While the United States has made strides in moving its physicians to electronic health records, it still lags well behind other countries in moving to health IT, according to a study by The Commonwealth Fund.
The study’s authors surveyed primary care doctors located in ten countries, asking a variety of questions about health IT adoption, job satisfaction, and provider’s perception of their healthcare system.
Nearly two-thirds (69 percent) of US primary care physicians reported using an EHR in 2012, up from 46 percent in 2009. Though the US and Canada expanded their use of health IT, they lag behind the United Kingdom, New Zealand, and Australia in EHR and other advanced health IT use—such as generating electronic patient information and ordering diagnostic tests.
The United Kingdom and New Zealand both have 97 percent of physicians using an EHR, while Australia has 92 percent. The Netherlands had the highest usage of EHRs at 98 percent.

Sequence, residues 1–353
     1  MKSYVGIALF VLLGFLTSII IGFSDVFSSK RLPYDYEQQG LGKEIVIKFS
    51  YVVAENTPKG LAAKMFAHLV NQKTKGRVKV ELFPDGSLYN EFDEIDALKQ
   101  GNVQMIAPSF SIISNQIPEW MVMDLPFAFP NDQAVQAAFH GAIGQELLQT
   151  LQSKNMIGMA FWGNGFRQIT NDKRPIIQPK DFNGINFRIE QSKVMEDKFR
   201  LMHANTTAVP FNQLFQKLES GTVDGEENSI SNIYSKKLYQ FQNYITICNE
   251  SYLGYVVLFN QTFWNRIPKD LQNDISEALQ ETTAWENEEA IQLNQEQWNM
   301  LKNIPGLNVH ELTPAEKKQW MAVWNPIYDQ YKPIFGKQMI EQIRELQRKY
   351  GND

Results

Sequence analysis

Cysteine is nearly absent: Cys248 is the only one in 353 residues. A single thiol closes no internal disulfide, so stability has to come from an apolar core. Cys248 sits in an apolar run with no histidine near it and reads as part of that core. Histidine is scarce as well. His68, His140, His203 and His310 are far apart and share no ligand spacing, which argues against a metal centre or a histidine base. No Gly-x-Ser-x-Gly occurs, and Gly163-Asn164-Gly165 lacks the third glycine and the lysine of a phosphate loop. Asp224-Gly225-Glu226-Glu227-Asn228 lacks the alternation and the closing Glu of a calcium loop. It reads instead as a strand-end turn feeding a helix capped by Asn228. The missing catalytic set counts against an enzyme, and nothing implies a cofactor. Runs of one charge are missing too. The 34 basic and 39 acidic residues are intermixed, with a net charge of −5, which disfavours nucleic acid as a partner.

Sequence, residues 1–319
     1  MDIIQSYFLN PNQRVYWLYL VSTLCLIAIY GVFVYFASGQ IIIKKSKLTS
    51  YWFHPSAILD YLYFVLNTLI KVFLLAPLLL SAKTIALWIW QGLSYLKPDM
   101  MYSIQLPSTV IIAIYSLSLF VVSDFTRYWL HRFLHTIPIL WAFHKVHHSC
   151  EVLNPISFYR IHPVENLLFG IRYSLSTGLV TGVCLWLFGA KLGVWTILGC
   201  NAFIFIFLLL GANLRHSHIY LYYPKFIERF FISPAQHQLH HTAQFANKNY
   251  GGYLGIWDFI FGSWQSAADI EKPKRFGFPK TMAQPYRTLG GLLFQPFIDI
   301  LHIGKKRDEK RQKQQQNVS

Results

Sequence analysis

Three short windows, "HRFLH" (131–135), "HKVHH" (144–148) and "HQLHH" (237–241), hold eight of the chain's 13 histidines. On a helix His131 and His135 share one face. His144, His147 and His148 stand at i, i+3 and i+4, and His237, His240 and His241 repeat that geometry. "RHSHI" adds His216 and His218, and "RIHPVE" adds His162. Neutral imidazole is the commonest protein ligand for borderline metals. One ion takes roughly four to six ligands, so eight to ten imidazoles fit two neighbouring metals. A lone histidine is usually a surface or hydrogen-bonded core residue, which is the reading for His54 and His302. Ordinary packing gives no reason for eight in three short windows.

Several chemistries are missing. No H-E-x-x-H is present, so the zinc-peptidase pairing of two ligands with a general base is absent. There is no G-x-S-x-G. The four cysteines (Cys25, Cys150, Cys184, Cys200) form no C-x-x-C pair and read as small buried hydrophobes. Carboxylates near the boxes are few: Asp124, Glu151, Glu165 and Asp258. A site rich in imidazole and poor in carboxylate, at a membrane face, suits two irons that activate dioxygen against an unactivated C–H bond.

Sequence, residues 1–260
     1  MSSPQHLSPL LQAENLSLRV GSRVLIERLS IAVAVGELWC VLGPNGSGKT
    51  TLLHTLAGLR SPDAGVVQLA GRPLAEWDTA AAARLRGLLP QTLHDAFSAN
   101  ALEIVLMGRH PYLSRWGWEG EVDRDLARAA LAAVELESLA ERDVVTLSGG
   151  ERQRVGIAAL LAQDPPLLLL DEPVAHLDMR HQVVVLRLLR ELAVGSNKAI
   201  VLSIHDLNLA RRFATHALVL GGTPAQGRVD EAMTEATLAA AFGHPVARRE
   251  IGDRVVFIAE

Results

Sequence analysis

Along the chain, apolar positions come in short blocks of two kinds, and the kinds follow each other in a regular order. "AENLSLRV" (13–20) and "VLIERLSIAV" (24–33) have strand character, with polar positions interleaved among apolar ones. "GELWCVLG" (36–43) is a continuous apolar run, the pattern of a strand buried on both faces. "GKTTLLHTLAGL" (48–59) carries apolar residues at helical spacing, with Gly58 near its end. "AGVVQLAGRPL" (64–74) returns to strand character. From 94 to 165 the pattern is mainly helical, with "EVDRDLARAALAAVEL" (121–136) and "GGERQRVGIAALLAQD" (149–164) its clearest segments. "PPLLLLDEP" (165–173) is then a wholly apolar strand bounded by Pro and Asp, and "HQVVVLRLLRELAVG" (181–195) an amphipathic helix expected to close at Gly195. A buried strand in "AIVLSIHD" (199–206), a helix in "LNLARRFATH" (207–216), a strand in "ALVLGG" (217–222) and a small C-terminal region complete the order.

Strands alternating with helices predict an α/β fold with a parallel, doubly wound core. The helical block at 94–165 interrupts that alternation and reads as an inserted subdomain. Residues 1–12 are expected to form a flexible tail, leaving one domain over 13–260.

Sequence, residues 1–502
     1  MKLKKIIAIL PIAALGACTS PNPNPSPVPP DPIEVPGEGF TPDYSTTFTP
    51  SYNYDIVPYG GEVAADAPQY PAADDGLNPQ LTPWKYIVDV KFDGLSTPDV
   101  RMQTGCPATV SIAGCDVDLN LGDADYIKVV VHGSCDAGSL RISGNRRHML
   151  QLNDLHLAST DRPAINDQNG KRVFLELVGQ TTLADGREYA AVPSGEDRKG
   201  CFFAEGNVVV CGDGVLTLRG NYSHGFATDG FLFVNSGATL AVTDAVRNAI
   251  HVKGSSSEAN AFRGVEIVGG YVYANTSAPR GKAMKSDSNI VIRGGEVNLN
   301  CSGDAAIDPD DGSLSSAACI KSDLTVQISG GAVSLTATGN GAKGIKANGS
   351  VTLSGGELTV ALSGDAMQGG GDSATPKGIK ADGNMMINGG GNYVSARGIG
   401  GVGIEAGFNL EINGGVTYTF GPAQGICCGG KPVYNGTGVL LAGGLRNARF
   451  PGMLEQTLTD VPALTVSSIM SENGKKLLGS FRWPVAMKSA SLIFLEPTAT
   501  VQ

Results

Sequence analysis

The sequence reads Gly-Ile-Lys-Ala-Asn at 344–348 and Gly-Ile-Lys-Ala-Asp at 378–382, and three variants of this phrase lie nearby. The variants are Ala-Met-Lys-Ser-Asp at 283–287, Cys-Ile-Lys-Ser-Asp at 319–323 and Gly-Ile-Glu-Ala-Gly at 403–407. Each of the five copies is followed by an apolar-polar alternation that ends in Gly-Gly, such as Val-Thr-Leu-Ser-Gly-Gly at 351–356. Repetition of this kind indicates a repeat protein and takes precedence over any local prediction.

More survey results include:
- In the US, the only country in the survey without universal health coverage, 59 percent of physicians said their patients often have trouble paying for care. Far fewer physicians in other countries said affordability was a concern for their patients, with Norway at 4 percent, the United Kingdom at 13 percent, Switzerland at 16 percent, Germany at 21 percent, and Australia at 25 percent.
- More than half of US doctors, at 52 percent, said they or their staff spend too much time dealing with insurers’ restrictions on covered treatments or medications—by far the highest rate in the survey.
- In every country surveyed, only a minority of primary care physicians reported consistently receiving timely information from specialists to whom they have referred patients. Less than half said they always know about changes to their patients’ medications or care plans.